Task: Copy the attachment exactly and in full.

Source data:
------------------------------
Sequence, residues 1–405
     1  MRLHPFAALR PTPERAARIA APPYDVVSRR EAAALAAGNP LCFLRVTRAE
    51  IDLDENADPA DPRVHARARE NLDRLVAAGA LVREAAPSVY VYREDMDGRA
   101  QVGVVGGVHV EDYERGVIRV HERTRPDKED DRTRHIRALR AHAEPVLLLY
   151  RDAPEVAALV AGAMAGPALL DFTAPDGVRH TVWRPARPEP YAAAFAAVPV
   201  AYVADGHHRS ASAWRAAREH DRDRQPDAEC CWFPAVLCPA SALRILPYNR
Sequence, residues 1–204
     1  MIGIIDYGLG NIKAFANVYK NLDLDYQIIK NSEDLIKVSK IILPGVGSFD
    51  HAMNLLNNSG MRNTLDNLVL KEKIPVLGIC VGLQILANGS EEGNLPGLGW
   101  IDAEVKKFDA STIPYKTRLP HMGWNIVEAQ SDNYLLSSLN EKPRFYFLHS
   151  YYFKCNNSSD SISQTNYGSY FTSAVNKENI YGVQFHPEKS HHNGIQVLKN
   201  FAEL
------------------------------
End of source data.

Sequence, residues 1–405
     1  MRLHPFAALR PTPERAARIA APPYDVVSRR EAAALAAGNP LCFLRVTRAE
    51  IDLDENADPA DPRVHARARE NLDRLVAAGA LVREAAPSVY VYREDMDGRA
   101  QVGVVGGVHV EDYERGVIRV HERTRPDKED DRTRHIRALR AHAEPVLLLY
   151  RDAPEVAALV AGAMAGPALL DFTAPDGVRH TVWRPARPEP YAAAFAAVPV
   201  AYVADGHHRS ASAWRAAREH DRDRQPDAEC CWFPAVLCPA SALRILPYNR
Sequence, residues 1–204
     1  MIGIIDYGLG NIKAFANVYK NLDLDYQIIK NSEDLIKVSK IILPGVGSFD
    51  HAMNLLNNSG MRNTLDNLVL KEKIPVLGIC VGLQILANGS EEGNLPGLGW
   101  IDAEVKKFDA STIPYKTRLP HMGWNIVEAQ SDNYLLSSLN EKPRFYFLHS
   151  YYFKCNNSSD SISQTNYGSY FTSAVNKENI YGVQFHPEKS HHNGIQVLKN
   201  FAEL